Club Insider

Selling Amid Crisis

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Casey ConradCasey Conrad

No matter what state in which your facility is located, and regardless of what "Phase" of re-opening you may be operating in, it's fair to say that "Back to normal" does not yet exist for health and fitness operators worldwide. Even for clubs or training centers that may be allowed to have a higher capacity, the public mindset of crisis is still amuck for many consumers. Of course, the population is very split, with some feeling that masks and social distancing is absolutely ridiculous while others look at you with disgust if you are walking your dog without a mask and gloves on. Regardless of your beliefs, as a business owner/operator, you must be sensitive and professional to all customers and prospects. Most importantly, you must abide by Federal, State and local guidelines so as to avoid any legal issues.

Your Sales Team

Selling during these times of crisis can be challenging. Not just because a percentage of the population won't feel comfortable being in such an interactive environment, but also because you will have employees who may have unspoken concerns that unconsciously, and negatively, impact their effectiveness.

Therefore, the first step in getting your sales numbers back on track is to meet with each staff member responsible for sales. Check in with how they are feeling and if they have any concerns about performing their job. If yes, how can you collectively come up with a strategy to move forward? This step is imperative, because without sales revenue, no facility will succeed.

Unless you are the one responsible for sales, take the time to have these meetings one-on-one, be genuine, be honest with one another and be willing to accept that the outcome may be that you will have some positions that need filling.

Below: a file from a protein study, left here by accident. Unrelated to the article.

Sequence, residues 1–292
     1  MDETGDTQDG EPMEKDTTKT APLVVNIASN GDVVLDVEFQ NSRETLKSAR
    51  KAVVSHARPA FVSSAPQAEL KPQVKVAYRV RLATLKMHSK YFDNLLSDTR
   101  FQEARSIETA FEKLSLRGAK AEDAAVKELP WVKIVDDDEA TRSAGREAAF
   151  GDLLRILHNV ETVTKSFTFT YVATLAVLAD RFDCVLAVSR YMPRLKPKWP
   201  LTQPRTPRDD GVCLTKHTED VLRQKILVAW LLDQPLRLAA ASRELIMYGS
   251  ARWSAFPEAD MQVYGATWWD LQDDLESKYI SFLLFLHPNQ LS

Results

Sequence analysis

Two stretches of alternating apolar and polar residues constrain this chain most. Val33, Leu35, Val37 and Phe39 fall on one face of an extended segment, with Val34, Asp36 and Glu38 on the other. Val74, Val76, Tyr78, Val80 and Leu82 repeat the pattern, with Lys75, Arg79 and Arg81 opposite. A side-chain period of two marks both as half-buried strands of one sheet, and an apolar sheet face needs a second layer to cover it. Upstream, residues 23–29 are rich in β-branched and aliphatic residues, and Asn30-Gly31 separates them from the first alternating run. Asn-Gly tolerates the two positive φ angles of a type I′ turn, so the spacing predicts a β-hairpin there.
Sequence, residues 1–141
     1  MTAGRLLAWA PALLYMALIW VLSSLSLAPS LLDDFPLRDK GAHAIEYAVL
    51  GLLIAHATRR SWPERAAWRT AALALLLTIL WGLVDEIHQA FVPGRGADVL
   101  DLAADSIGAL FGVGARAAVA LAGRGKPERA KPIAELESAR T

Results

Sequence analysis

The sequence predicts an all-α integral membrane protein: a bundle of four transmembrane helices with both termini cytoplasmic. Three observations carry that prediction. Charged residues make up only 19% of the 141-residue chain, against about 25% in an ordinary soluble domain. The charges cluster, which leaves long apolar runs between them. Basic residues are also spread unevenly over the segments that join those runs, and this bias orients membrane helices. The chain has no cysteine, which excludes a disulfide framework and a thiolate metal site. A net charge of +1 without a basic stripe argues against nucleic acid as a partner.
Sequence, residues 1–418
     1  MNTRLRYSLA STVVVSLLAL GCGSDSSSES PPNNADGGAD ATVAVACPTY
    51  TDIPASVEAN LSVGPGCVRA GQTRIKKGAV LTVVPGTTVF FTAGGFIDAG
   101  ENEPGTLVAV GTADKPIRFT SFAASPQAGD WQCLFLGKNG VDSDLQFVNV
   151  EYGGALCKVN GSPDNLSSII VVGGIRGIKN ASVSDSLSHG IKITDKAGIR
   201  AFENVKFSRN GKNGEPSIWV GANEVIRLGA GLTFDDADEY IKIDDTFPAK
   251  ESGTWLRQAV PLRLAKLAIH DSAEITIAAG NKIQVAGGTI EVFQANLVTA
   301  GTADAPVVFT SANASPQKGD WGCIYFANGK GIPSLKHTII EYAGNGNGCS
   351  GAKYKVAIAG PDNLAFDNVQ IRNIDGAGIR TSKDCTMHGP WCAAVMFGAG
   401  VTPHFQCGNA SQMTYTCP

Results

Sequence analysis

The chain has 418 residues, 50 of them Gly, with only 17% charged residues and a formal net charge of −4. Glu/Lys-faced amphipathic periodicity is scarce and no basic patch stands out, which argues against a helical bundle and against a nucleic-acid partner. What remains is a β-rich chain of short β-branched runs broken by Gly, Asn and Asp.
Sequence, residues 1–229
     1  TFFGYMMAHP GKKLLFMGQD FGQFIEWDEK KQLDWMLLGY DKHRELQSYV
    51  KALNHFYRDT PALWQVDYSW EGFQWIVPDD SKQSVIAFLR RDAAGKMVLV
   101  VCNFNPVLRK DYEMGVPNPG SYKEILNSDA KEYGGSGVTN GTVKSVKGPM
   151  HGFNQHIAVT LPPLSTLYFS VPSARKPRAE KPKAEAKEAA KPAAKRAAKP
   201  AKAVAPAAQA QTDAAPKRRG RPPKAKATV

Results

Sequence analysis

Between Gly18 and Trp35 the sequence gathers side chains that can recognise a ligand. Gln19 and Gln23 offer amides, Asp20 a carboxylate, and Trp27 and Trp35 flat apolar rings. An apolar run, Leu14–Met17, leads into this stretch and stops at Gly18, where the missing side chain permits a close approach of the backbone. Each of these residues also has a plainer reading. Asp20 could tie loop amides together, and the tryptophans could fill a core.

Mindset Training

With the right sales staff in place, it's time to incorporate some training. An important element of re-launch training is acknowledging and openly discussing the amazing opportunity the crisis has brought to our industry. Specifically, at no other time in our lives has the awareness about wellness been so pronounced. Specifically, you would have to be living under a rock to not now know:

"Those individuals who have co-morbidities, such as obesity, diabetes and high blood pressure, are many more times likely to die of COVID-19 than healthy individuals."

Think of how many people during this crisis began some kind of exercise program at home. Not just those of us who already exercised and simply needed to find a way to get our workouts in without a gym. Specifically, hundreds of thousands of people made a conscious decision to start exercising. People couldn't go out to eat, so many began to learn how to cook healthier meals. Millions of people were stuck at home and had time to go online and watch webinars and YouTube videos about health and wellness in general. The bottom line is that there are literally millions of people who are primed and ready to now join a commercial fitness facility.

Every person on your sales staff needs to realize what an opportune time this is for selling memberships. Yes, of course there will be some people that aren't ready to come into the club, but we only had about a 19% penetration rate to begin with! If you don't keep your staff focused on the positive aspects, they will get pulled down by all the negativity in the media. Find online articles and resources that support this shift towards wellness as a way to reinforce their opportunities to prospect.

Sales Skills